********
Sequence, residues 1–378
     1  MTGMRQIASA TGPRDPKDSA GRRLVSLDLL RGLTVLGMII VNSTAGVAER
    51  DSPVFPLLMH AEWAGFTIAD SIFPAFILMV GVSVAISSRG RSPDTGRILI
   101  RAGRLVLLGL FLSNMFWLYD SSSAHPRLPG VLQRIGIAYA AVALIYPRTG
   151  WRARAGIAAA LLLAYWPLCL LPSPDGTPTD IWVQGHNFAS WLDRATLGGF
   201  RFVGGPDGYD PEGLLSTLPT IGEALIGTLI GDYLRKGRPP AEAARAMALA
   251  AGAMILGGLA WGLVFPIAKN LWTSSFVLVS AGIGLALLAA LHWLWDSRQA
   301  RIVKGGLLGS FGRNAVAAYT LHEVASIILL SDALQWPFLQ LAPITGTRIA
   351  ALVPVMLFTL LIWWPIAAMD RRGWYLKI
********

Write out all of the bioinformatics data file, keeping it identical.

Sequence, residues 1–378
     1  MTGMRQIASA TGPRDPKDSA GRRLVSLDLL RGLTVLGMII VNSTAGVAER
    51  DSPVFPLLMH AEWAGFTIAD SIFPAFILMV GVSVAISSRG RSPDTGRILI
   101  RAGRLVLLGL FLSNMFWLYD SSSAHPRLPG VLQRIGIAYA AVALIYPRTG
   151  WRARAGIAAA LLLAYWPLCL LPSPDGTPTD IWVQGHNFAS WLDRATLGGF
   201  RFVGGPDGYD PEGLLSTLPT IGEALIGTLI GDYLRKGRPP AEAARAMALA
   251  AGAMILGGLA WGLVFPIAKN LWTSSFVLVS AGIGLALLAA LHWLWDSRQA
   301  RIVKGGLLGS FGRNAVAAYT LHEVASIILL SDALQWPFLQ LAPITGTRIA
   351  ALVPVMLFTL LIWWPIAAMD RRGWYLKI